Local shooting boss given over home for evacuated family

Ballater has been ravaged by flooding due to the heavy rain from Storm Frank and melting mountain ice (Steve Rennie)
Ballater has been ravaged by flooding due to the heavy rain from Storm Frank and melting mountain ice (Steve Rennie)

A shooting boss of a local sporting beat has given over his home to a local family evacuated from their house by the waters that have ravaged Ballater.

The sporting tenant of Gairnshiel and the Micras at Invercauld, who does not wish to be named, was horrified when seeing images of the flood damage whilst in Belgium.

Despite communications lines being down, he managed to contact Invercauld Head Gamekeeper Hans Mckenzie-Wilson to instruct him to open doors to those requiring re-housing.

It is understood the sporting tenant also intends to donate furniture as the Deeside village attempts to get back on its feet after the unprecedented flood damage.

“As soon as my boss heard of what had happened, he got in touch next day. There was no mobile signal and the internet wasn’t working but he managed to call on the landline. As he was away in Belgium, he just wanted the house to be used for people who were needing it.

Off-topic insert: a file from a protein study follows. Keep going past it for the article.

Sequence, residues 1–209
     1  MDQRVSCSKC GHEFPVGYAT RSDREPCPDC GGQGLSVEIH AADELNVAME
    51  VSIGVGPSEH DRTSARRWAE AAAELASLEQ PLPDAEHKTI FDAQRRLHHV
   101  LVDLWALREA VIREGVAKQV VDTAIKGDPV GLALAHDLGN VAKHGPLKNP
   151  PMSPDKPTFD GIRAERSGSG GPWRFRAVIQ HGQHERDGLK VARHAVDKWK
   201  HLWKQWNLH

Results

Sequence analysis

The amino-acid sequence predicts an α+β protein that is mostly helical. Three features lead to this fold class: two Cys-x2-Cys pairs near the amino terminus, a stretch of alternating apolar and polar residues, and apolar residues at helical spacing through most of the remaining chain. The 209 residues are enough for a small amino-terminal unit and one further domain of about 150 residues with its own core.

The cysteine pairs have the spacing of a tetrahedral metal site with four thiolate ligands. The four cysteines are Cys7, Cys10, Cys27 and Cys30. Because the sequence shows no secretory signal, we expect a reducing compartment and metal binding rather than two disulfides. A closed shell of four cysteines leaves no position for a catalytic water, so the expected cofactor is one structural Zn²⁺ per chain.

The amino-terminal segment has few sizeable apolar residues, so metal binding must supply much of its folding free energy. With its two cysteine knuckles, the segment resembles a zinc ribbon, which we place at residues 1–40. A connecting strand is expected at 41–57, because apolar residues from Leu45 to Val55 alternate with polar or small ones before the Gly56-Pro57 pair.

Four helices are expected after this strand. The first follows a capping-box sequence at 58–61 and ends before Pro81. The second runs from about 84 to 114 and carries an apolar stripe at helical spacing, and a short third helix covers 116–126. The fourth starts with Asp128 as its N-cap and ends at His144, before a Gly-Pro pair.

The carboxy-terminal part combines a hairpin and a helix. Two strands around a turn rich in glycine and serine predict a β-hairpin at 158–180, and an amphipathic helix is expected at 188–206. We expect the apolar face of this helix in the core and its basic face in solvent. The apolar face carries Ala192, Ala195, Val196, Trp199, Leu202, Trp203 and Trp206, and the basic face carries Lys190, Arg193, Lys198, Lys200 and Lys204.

“The place was like a disaster area and, basically, he just wanted to do something to help those affected because he’d seen the pictures.

“I went down to the Housing Office in Ballater Town Hall and the accommodation was gone very shortly after I walked out the door.

“It is good that the place is being used as there are people, from young families to the elderly, who have been affected, here, and it will take a long time for things to get sorted out.

“Whatever people have seen on TV or in the newspapers, it’s been worse than that. Even now, the whole place still smells of kerosene.”

Sporting estate staff, who have been part of the action by the communities of Ballater and Braemar, are part of the Grampian Moorland Group, established to showcase working life in their communities.

Lianne MacLennan, Group Co-Ordinator, said: “A lot of our members have been out and about, ferrying folk with their vehicles and joining in with others, where they can. They are used to a bit of bad weather, given their jobs, but I don’t think anyone has ever seen anything like this.”